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‘We would do it all over again’

The Central Middle School gymnasium was packed with students and families Friday afternoon to honor veterans of Charlotte County, who have served from World War II onward.

Activities that students of Central Middle and Randolph-Henry High School took on to remember and celebrate veterans included creating posters that lined the gymnasium walls, writing poems, three that were read during the event and donating more than 1,500 items to the Hunter Holmes McGuire Veterans Administration Medical Center in Richmond, including shampoo, combs and brushes and clothing.

Students also created several dozen certificates, where they researched veterans, including photos, the names and their areas of service, and were later lined outside of the gymnasium for participants to view.

Retired Sergeant Major Douglass Randolph spoke during the event. A veteran of 26 years— he noted 26 years, two months and two days—in the U.S. Military, serving in Vietnam among other places, he noted that Veterans Day recognizes veterans and their families, who have each made sacrifices.

“I think I speak for every veteran here … that we would do it all over again,” Randolph said.

Randolph, who has also served in the county’s American Legion Post #260 among other organizations, said he has felt the most free to think independently and be himself in the United States.

“For me, serving this country is what it’s all about,” Randolph said, noting that four of his five brothers had served in the military and various family members who also were service members. “I love this country.”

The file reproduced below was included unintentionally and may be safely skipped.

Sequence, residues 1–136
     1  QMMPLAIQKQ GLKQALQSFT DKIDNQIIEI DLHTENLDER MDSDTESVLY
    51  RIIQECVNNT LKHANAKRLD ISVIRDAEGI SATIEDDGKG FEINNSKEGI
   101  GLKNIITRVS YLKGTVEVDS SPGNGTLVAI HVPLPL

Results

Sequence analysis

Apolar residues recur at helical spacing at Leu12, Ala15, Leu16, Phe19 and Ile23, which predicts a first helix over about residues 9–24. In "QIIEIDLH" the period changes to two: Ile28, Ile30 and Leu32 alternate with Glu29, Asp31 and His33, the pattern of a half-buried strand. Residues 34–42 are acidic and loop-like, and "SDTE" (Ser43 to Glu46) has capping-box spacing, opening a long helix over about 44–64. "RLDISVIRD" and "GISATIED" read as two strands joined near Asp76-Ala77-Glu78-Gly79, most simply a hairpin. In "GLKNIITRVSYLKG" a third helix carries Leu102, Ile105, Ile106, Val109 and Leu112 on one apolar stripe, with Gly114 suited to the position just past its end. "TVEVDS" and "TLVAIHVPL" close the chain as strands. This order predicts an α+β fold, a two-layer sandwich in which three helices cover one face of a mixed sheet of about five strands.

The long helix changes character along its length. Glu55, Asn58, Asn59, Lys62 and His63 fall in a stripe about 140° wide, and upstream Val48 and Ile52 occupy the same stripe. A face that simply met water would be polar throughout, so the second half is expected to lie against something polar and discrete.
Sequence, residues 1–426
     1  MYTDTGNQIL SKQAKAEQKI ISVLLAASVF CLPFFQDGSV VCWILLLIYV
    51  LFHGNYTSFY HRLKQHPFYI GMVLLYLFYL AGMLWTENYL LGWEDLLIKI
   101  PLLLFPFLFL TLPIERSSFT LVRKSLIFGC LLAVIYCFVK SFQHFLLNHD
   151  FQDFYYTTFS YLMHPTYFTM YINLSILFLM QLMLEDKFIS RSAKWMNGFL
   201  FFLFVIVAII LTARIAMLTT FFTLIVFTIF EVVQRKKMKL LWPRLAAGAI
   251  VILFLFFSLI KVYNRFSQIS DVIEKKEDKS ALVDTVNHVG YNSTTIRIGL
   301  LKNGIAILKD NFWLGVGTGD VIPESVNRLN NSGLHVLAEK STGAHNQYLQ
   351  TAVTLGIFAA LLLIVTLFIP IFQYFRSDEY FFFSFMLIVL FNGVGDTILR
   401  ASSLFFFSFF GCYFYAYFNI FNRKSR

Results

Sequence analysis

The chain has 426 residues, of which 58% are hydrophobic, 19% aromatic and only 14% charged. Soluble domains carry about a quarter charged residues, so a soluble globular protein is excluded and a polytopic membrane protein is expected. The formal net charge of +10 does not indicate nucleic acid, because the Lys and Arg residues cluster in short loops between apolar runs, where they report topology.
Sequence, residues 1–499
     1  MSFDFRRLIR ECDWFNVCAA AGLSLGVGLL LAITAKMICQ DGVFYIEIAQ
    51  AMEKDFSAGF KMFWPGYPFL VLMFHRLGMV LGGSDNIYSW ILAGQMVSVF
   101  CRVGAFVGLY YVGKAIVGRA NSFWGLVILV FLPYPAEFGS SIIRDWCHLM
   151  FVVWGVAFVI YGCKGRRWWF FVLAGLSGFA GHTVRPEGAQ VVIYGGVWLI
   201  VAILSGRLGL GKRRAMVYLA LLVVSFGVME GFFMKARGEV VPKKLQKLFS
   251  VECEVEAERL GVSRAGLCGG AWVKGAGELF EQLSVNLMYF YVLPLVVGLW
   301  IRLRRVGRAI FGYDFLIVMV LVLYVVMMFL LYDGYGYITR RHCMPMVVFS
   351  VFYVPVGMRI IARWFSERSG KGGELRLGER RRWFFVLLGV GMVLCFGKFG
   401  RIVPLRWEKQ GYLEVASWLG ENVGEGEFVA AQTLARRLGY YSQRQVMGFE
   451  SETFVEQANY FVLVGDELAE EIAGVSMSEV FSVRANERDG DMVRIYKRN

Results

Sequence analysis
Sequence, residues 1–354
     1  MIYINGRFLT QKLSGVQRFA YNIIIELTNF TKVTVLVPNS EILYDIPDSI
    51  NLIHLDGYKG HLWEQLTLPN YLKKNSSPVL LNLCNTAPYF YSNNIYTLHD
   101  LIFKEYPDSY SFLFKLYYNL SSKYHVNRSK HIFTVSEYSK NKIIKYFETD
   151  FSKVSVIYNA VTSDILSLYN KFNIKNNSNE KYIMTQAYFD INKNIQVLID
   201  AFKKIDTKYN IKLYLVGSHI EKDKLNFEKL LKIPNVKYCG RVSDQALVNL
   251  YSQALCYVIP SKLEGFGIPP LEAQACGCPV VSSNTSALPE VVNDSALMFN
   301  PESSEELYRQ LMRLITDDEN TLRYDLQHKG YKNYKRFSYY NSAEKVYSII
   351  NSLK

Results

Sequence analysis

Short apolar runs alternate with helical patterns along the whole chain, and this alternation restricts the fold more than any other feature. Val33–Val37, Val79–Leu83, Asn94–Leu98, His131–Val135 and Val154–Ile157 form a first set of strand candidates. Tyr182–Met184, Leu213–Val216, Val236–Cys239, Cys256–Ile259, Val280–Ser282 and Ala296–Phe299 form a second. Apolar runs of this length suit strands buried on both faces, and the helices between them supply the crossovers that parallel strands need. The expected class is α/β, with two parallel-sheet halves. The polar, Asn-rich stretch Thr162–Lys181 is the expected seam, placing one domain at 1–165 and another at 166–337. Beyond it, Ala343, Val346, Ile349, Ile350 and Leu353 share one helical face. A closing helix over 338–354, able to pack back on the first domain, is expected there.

Following the presentation, members of the Randolph-Henry High School band played taps. Students, faculty and family members held a moment of silence.

Randolph said following the presentation he was struck by the dedication and empathy students displayed in celebrating veterans.

“It was quite the assembly,” he said.

“I think the participation and the way the students were acting to the veterans, it makes me proud to be there,” Randolph said.

The event also provided the chance for area veterans to gather and remember their experiences. School faculty and staff invited veterans for snacks and beverages following the presentation.

For Captain John Lavra, 91, who retired from the U.S. Navy after 27 years and had fought during World War II, said he could count on four fingers his peers who have served with him. One World War II veteran who befriended Lavra was Henry Reid Sr., who lives in the county.

Leroy Shook, who served in the Korean War, said he still learns from the area veterans’ service and sacrifice.

“He’s my hero,” Shook said about Lavra.